Is input or output encoding the better way to protect against cross-site scripting?

November 29, 2006

2 Min Read
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6:15 PM -- There are two philosophies in which to protect against cross-site scripting (XSS) attacks: input encoding and output encoding. Input encoding means that the application takes whatever the user gives it and then encodes it so that when the information is outputted it has already been sanitized. Output encoding means that the application takes whatever data is given to it in whatever form it takes and stores it. Once it is ready for output it is sanitized before being shown to the user.

I've heard people say that output encoding is the right way to deal with HTML injection and XSS attacks as well. There's one concept I haven't bought off on personally. Let's take an example where you have a single input, which is your name. On a community board this will be exposed in more than one place. It could be presented in dozens of locations and have dozens of places to interact with the surrounding HTML on the page.

In this way, the developer has to make sure they output encode at every one of those potential places... or you could encode it upon input. Which sounds easier? Of course you must insure that the encoding you performed is adequate for the situation, but at least you only have to remember to do it once per input, rather than once per output. Remember, there is a one to zero or more relationship for inputs compared to outputs. That means for every one input there may be dozens of places it is shown back to the user. That means lots of places you have to encode if you do it upon output.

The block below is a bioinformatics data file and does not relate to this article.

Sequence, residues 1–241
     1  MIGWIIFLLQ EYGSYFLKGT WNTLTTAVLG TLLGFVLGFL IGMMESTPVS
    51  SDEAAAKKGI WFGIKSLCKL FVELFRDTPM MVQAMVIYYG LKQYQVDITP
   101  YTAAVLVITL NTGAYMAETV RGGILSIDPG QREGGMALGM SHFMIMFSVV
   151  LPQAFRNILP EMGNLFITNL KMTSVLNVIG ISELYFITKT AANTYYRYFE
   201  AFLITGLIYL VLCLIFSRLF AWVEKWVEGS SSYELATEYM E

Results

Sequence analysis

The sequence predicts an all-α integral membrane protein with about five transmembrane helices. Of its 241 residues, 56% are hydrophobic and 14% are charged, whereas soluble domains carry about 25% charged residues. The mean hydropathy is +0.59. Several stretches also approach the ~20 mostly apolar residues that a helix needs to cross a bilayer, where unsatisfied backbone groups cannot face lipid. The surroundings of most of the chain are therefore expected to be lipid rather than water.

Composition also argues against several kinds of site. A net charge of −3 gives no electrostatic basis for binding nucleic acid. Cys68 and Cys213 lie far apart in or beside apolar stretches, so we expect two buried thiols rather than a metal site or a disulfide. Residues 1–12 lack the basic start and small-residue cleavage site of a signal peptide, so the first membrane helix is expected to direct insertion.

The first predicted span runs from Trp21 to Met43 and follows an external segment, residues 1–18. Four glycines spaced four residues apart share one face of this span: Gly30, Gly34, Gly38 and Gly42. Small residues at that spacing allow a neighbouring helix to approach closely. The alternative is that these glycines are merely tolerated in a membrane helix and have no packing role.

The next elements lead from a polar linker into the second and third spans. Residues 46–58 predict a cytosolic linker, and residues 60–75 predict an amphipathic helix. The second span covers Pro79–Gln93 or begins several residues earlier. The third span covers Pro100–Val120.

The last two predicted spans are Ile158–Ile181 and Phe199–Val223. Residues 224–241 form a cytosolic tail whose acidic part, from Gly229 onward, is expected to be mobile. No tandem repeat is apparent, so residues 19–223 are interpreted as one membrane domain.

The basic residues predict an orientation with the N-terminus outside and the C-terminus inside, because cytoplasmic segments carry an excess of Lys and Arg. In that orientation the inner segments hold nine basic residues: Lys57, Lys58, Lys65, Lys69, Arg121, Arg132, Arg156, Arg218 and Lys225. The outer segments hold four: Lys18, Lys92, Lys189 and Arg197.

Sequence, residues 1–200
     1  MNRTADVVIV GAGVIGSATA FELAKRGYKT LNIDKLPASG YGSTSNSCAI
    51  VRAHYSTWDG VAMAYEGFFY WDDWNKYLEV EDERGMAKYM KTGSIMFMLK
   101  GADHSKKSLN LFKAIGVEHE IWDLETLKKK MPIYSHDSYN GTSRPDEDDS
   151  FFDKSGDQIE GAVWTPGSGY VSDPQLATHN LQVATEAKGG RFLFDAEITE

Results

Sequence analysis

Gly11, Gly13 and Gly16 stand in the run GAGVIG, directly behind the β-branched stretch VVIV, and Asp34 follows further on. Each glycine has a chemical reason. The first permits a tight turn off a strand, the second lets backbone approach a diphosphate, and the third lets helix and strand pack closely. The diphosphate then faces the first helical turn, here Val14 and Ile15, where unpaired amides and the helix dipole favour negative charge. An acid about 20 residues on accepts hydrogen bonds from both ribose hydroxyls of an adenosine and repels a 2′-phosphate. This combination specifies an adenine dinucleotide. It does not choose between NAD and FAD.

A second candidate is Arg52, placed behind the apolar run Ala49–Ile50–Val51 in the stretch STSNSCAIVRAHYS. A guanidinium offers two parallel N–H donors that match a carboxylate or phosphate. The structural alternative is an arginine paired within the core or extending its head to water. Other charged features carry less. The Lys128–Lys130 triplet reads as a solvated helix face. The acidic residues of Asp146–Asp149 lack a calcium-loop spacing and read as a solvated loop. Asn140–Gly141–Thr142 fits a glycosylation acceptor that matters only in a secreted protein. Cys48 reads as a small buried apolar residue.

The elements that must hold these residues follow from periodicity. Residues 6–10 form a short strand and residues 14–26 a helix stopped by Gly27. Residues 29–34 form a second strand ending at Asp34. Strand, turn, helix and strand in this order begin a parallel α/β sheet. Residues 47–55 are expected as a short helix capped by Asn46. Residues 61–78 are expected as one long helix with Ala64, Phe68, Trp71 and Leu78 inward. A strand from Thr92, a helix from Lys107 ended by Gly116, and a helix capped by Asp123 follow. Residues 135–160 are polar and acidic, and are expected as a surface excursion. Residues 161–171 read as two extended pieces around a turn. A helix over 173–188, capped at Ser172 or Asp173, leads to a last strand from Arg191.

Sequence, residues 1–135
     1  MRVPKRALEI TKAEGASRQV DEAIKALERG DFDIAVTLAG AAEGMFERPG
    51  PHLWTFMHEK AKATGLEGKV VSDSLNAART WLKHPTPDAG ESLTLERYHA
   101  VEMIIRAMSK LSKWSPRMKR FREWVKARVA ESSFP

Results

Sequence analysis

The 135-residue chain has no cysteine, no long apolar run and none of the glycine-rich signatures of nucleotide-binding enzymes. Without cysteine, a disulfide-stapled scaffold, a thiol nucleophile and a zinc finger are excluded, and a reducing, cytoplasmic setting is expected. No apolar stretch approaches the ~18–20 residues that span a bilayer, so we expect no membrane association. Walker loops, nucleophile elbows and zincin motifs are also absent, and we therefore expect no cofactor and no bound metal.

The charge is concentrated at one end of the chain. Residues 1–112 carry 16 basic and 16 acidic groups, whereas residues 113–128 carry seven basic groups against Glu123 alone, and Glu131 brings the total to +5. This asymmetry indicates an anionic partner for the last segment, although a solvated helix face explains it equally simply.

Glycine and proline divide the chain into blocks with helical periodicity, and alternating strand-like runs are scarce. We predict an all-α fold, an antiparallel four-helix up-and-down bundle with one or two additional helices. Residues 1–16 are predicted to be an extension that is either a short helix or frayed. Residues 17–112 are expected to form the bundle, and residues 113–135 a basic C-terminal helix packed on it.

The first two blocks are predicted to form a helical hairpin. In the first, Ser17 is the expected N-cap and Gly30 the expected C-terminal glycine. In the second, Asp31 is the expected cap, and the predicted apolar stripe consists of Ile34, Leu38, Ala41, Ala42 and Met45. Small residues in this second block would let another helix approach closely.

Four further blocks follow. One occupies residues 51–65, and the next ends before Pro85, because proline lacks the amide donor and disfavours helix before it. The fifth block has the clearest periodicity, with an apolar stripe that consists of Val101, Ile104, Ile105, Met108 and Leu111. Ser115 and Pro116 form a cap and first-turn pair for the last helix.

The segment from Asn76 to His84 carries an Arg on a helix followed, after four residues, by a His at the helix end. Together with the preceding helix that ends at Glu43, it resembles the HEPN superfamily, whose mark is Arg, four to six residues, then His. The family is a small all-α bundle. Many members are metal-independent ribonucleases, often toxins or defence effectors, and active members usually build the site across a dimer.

Another issue with output encoding verses input encoding is SQL injection. If you don't encode the information prior to being stored in a database, you are heavily at risk of SQL injection attacks. Here is one location for which there is no argument. Input encoding is the only answer. It stands to reason that logic is sound and that for any input you should encode it to ensure it is safe for later retrieval.

The only hole in that logic is where the output is used in different ways. Some places may have distinct requirements and cannot be encoded in the same way as others. That's not an edge case as it comes up a lot, depending on the use of the input. For instance, cookies must be formatted in a particular way, and if the encoding used for HTML output doesn't match cookie syntax requirements it makes sense to use a one-off encoding method for that output situation. So what will it be? Input encoding or output encoding?

I'll have some of both, thanks.

— RSnake is a red-blooded lumberjack whose rants can also be found at Ha.ckers and F*the.net. Special to Dark Reading

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